Weezer Pinkerton

Are Weezer’s Songs from the Black Hole the True ‘Pinkerton’?

Why won’t Weezer admit that the “embarrassing” unfinished Songs from the Black Hole rock opera are the rudiments of 1996’s (eventually) critically acclaimed ‘Pinkerton’?

Pinkerton
Weezer
DGC
24 September 1996

!No! Weezer! NO!! Where has Rivers Cuomo gone? What has he done? What has happened to Weezer?! WHERE ARE THE REAL WEEZER?!!”

  – Spencer Owen’s review of the Weezer (the Green album) for Pitchfork, 14 May 2001

This is Pinkerton in its truest form.

– YouTube user “Ziggy Startrucker,” May 2019, commenting on a bootleg version of Songs from the Black Hole

Chuck Klosterman wrote, in Eating the Dinosaur: “People are generally disappointed by Weezer albums.” It’s hard to put it more succinctly than that. This is the central fact of most Weezer fans’ fandom. What we talk about when we talk about Weezer, usually, is why we are angry at Weezer for essentially all the music they have made since roughly 1999, with the possible exception of the guitar intro to “Perfect Situation”. Those of us who loved Weezer before the 21st-century – and Lord knows we are legion – find it distressingly difficult to stop caring about the band, even though they keep making records we mostly do not love.

Questions of objectivity and aesthetics and nostalgia aside, there is a small army of people who really do believe— whether it’s right or not, whether it’s fair or not—that the Weezer of roughly 1994 to 1999 is ineffably way, way, way better than any iteration of the band since. Their music from that era is shot through with energy, passion, desire, anguish, and personality in ways that astonish upon every listen.

There’s no way for us to know whether we’d feel this way if Weezer hadn’t made albums like Make Believe (2005) or Raditude (2009) or Hurley (2010). These are just some of the Weezer albums their fans tend to find disappointing; there are too many to list. Frankly, we wouldn’t be as disappointed by Make Believe or Ratitude Hurley or if we didn’t know about Songs from the Black Hole, which is, for those of us who think rock music should be very loud, very sad, very sincere, and written and sung solely by 1994-era Rivers Cuomo, the ur-album.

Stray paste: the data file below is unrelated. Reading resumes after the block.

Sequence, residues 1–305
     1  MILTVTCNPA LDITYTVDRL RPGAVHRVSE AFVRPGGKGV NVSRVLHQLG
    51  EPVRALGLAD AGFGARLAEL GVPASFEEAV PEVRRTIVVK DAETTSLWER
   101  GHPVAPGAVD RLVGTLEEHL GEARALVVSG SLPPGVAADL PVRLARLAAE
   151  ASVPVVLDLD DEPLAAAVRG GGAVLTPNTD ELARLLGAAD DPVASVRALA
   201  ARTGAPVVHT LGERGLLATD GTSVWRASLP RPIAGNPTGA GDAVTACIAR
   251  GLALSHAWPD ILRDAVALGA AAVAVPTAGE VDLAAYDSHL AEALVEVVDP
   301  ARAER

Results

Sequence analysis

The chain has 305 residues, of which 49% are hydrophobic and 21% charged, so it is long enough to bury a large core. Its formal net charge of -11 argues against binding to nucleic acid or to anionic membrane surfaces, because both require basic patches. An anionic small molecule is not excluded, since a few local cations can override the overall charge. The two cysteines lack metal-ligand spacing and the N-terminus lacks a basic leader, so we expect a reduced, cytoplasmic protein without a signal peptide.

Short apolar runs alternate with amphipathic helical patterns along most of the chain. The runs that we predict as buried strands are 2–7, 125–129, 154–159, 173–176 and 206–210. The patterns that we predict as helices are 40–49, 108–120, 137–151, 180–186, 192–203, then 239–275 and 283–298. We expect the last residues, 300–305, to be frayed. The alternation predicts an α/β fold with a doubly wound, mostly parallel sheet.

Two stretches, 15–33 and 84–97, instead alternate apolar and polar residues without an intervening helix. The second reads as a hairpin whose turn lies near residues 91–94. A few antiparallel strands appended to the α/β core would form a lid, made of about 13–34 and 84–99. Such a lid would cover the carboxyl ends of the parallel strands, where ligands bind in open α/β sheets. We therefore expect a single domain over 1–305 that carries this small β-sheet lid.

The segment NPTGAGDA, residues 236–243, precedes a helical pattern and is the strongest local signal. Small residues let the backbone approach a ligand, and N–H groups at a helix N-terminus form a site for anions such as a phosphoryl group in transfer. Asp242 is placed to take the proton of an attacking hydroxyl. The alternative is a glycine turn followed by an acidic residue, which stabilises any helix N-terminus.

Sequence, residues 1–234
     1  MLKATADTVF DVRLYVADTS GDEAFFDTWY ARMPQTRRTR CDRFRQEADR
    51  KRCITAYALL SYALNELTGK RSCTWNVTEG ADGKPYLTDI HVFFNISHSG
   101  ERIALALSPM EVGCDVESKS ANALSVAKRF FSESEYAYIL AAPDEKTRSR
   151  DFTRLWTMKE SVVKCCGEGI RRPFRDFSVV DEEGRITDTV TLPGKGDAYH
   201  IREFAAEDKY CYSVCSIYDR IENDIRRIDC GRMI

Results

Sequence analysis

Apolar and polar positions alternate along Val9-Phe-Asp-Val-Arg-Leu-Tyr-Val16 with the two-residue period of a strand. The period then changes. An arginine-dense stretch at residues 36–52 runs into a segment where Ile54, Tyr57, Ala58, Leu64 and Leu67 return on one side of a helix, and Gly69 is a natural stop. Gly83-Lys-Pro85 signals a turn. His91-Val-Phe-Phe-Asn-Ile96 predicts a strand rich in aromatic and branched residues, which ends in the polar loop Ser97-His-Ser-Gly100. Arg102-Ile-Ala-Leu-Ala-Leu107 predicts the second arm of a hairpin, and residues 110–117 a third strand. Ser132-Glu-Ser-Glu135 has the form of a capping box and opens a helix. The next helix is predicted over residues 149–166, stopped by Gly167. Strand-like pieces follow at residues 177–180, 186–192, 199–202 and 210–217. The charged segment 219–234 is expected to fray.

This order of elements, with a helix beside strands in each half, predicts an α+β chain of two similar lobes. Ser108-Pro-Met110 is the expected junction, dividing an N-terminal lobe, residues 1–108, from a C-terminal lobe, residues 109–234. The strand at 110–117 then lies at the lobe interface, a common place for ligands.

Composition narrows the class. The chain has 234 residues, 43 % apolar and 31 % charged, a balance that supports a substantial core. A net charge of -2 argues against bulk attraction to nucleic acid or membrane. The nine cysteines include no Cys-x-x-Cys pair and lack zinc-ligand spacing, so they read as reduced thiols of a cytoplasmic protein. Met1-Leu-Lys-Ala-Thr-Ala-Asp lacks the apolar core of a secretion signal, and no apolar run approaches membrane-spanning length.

And it was never released.

Of course, it’s true that this album cannot be as good as we believe it is. It is not actually an album, for one. A handful of songs were fully recorded for another record (Pinkerton, 1996, whose 25th anniversary is this September), and some emerged as B-sides. As a whole, it “exists” as a series of sketchily realized demos, fuzzily recorded, instruments sometimes badly played, with one vocalist rather unconvincingly singing all male and female roles. This makes it even more endearing, somehow, since we now know that the young Rivers Cuomo earnestly squonking on the clarinet on the “Longtime Sunshine” solo will be writing slick pop songs for teenagers.

Songs from the Black Hole can be described as both a concept album about fame and a sci-fi rock opera, both of which should raise red flags. The lyrics are not particularly good, especially considering that their author was, at the time he wrote them, studying English at Harvard. Sex is described as “boinking”. An important motif involves speculation about the size of a minor character’s genitals; we are reminded regularly of his “big thang” which is purported to be “extra huge.” (It is worth mentioning that this character is an astronaut.)

The album, as it were, ends with almost laughably melodramatic pathos, as the protagonist completes a possibly heroic, possibly selfish suicidal mission by (spoiler alert) driving a spaceship into an exploding planet. The motive for this one-way journey? (spoiler alert): he found a used condom on his girlfriend’s bed. Surely this type of music ought to come with a Parental Advisory label.

But for all this, it must be said: the songs are exquisite. This music is ’90s proto-emo at its best: catchy and chaotic, brash yet self-conscious, brimming with tortured desire, and delivered with embarrassing sincerity. Emo as a genre has been duly criticized – most ably by Jessica Hopper’s now-classic essay, “Emo: Where the Girls Aren’t” which takes emo’s misogynistic caricatures of women to task. However, embarrassing truth about emo is that songs like Weezer’s “Devotion” and “Waiting on You” – bathed as they are in grunge feedback, three-part harmony, ’60s pop- ballad tropes, and metal-inflected guitar solos – resonate beautifully.

Somehow, founder Rivers Cuomo makes a collection of songs about how hard it is to be a rock star feel like he’s just any other kid in a college dorm writing songs about a girl in his Survey of Brit Lit class. Somehow, he manages to make the songs sound great despite their rough recording and half-finished composition. Its first track, “Blast Off”, is perhaps the apotheosis of Cuomo’s ’90s oeuvre: the perfect blend of bombast and self-doubt to a boom-boom chunk beat before “Beverly Hills” was ever a twinkle in Rick Rubin’s eye.